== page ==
A cloudburst is a localised but intense rainfall activity. Short spells of very heavy rainfall over a small geographical area can cause widespread destruction, especially in hilly regions where this phenomenon is the most common.
A cloudburst has a very specific definition: Rainfall of 10 cm or more in an hour over a roughly 10 km x 10-km area is classified as a cloudburst event.
Cloudbursts are not uncommon events, particularly during the monsoon months. Most of these happen in the Himalayan states where the local topology, wind systems, and temperature gradients between the lower and upper atmosphere facilitate the occurrence of such events.
Mechanism and occurrence of cloudburst
1. One of the most important aspects of cloudbursts is that the Orographic lift is the primary cause of it.
2. The terrain region (orographic barrier) pushes the saturated clouds (Moisture laden air mass) upwards along the mountains.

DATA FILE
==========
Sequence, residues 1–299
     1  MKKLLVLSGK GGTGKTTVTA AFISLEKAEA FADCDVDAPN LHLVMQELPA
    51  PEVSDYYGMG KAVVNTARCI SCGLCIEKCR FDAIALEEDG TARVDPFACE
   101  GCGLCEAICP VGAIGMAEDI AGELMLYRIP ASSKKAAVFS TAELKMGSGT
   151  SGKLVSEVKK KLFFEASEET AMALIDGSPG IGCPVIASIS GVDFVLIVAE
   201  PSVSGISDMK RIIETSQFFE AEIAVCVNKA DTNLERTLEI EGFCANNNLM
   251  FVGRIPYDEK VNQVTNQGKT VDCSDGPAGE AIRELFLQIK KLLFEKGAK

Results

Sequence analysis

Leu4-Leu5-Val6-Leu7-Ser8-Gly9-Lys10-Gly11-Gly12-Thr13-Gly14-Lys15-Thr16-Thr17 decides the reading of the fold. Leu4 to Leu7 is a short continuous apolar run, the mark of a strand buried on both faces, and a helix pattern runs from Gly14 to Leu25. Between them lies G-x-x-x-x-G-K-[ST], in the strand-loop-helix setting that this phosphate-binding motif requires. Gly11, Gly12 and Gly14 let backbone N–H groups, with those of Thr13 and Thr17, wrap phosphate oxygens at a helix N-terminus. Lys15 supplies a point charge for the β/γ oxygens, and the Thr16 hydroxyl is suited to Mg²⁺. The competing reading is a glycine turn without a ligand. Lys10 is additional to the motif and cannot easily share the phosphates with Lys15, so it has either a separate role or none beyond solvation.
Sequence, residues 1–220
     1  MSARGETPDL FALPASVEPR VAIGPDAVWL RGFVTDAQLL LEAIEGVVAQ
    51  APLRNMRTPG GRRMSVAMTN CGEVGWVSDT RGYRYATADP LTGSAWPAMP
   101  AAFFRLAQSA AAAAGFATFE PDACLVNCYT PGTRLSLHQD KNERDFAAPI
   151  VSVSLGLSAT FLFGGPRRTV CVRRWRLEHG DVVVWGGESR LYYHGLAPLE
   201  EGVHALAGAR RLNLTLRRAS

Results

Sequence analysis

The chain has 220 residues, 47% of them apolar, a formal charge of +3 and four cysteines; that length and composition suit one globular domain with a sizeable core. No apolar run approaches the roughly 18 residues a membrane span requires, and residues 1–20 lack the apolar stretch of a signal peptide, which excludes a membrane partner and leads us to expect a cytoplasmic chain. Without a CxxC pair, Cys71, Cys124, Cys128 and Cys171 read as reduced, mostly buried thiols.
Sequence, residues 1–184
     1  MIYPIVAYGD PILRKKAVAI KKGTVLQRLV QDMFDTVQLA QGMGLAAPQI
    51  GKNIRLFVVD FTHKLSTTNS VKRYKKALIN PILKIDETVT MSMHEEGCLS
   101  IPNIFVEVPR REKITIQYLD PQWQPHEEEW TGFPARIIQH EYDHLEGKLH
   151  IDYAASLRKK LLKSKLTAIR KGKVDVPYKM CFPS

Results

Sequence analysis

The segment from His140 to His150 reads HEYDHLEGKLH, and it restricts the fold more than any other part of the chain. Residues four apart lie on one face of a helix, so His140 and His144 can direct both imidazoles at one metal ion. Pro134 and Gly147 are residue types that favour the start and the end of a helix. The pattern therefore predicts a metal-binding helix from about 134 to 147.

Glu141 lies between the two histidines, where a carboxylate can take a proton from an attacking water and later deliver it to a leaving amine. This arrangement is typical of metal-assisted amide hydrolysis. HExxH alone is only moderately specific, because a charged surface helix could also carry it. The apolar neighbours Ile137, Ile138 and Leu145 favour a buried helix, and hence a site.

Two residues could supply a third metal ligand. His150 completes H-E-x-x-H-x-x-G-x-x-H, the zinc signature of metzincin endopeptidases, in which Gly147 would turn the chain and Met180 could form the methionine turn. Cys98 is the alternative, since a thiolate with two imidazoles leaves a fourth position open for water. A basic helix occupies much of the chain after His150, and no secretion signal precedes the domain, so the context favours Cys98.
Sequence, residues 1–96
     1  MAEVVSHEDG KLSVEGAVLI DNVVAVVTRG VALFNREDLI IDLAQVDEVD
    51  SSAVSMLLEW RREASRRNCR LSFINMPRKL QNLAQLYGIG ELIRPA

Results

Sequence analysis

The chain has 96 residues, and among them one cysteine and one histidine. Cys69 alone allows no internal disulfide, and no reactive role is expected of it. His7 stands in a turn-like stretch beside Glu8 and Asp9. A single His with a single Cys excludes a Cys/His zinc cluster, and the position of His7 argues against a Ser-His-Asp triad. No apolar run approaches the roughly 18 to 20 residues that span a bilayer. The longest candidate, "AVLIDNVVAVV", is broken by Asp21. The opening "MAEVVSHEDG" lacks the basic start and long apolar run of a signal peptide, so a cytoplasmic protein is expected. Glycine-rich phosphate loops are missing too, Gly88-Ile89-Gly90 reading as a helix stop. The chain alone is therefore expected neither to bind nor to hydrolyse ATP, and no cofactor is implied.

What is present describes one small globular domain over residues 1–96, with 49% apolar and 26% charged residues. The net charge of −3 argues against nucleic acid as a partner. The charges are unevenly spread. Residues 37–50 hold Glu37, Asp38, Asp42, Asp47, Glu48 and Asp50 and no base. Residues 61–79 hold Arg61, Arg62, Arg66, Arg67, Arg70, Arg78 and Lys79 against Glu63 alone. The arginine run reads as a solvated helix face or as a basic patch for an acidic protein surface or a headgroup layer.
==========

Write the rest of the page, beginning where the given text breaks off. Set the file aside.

3. The moist air mass is rapidly pushed up. It reaches relative humidity of 100% i.e. the air mass is completely saturated with water and cloud formation starts.
4. This rapid updraft movement of warm and moist wind forms the Cumulonimbus clouds.
5. Eventually, when it becomes difficult to hold on to so much water vapour and raindrops in the cloud, it sheds water with great strength and velocity.
Recent incidents of cloudbursts in India
1. Cloudburst occurred above Salem district, Tamil Nadu. This resulted in 213 mm rain in a single day. Ponds in the area filled up and so did the Thennakudipalayam lake. The Vasishta Nadi became flooded, making the Attur check dam to brim with water.
2. The most recent cloudburst occurred July 2022 near the Holy cave Shrine of Amarnath in Jammu and Kashmir in which at least 16 people were killed and many still missing.
Conclusion: Can cloudbursts be forecast?
The India Meteorological Department forecasts rainfall events well in advance, but it does not predict the quantum of rainfall — in fact, no meteorological agency does. The forecasts can be about light, heavy, or very heavy rainfall, but weather scientists do not have the capability to predict exactly how much rain is likely to fall at any given place.
Additionally, the forecasts are for a relatively large geographical area, usually a region, a state, a meteorological sub-division, or at best a district. As they zoom in over smaller areas, the forecasts get more and more uncertain.